Policies & Issues

Metalworking & Metal Articles

What is it?

Back in 2007, a vision paper entitled “Strengthening the link” (a metaphor for strengthening the metalworking/  metal articles sector) was released by Orgalime to highlight the importance of a largely underrepresented and little known sector: just as a chain is only as strong as its links, so the metalworking sector is essential in the EU’s manufacturing landscape, positioned between its suppliers, the steel and non-ferrous metals industry, and its clients, which include most other manufacturing sectors.

In 2009, a study (copies in many languages can be obtained from Orgalime - e-mails should be addressed to Eleonora Piccinni, email is: firstname.lastname[at]orgalime.org) was commissioned by the European Commission to analyse the state of play of the metalworking industry in Europe and to identify possible strategies for the future of this sector.  This was carried out in close cooperation with Orgalime.  The report was officially launched in June 2010 in Bilbao, Spain.

 

Why is it important?

The main characteristics of the metalworking industry are reflected in the report which evidences that this industry is special in many ways:

  • This is an industry essentially of family owned small and medium enterprises, 95% of which employ less than 50 people and 80% of which less than 10 employees.
  • Metalworking and metal articles play an essential role in the supply chain between major suppliers of raw materials (steel and non-ferrous metals producers) and large customers such as the automotive, aerospace, engineering and transportation industries.
  • These SMEs are spread all over the European Union, in each region and every town, often close to their customer base.
  • These companies, although small compared to those in other sectors, are flexible and versatile, innovative and service-oriented.

Notwithstanding these impressive figures and the importance of this actor in the EU manufacturing industry and its supply chain, currently the 400,000 companies of the metalworking industry are largely unrecognised by public authorities.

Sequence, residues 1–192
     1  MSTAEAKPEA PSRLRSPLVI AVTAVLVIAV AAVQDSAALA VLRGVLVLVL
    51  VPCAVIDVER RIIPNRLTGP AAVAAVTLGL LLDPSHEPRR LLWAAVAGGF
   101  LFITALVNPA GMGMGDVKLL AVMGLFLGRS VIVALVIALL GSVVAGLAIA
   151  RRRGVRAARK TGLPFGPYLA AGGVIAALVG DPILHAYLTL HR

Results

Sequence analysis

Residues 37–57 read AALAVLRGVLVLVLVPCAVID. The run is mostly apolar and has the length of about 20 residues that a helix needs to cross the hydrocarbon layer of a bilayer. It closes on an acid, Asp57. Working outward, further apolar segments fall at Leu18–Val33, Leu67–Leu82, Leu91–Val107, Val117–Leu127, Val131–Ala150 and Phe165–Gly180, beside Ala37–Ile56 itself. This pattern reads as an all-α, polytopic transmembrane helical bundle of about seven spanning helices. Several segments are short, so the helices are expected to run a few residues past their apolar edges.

Our viewpoint

Orgalime welcomes the support of DG Enterprise and Industry for having invested the resources on this issue and welcomes the publication of the report which, for the first time in EU history, analyses in some depth an industry sector which has remained largely invisible to European and sometimes national authorities, even though it is the largest manufacturing employer in Europe with some 4,200,000 employed in over 400,000 companies representing 12% of manufacturing employment and 20% of all manufacturing companies.  The sector also delivers 10% of total valued-added manufacturing.

 

How we’ve been engaged

Since the launch of the study, Orgalime has issued a position paper in which we briefly underlined some of the more important issues highlighted by the study and suggested some steps for follow-up. Orgalime welcomes the efforts that the European Commission has already made to develop the image of the sector at the Metalworking & Metal Articles report’s launch in Bilbao, and requested the European Commission to support and partially finance communication campaigns within Europe to reinforce the image of the sector with both the general public (young people in particular) and politicians.

A follow-up workshop to highlight the contribution that this sector makes to European manufacturing was held under the Belgian Presidency of the European Union and DG Enterprise and Industry now has staff working on the issues of the industry which typifies what are called “industrial SMEs”.

Position papers

Strengthening the Link

Published:
1 May, 2007
Policies & Issues:
Industrial Policy
Published:
1 May, 2007
Policies & Issues:
Industrial Policy

Orgalime position paper on steel

Published:
29 June, 2004
Policies & Issues:
Metalworking & Metal Articles
Published:
29 June, 2004
Policies & Issues:
Metalworking & Metal Articles

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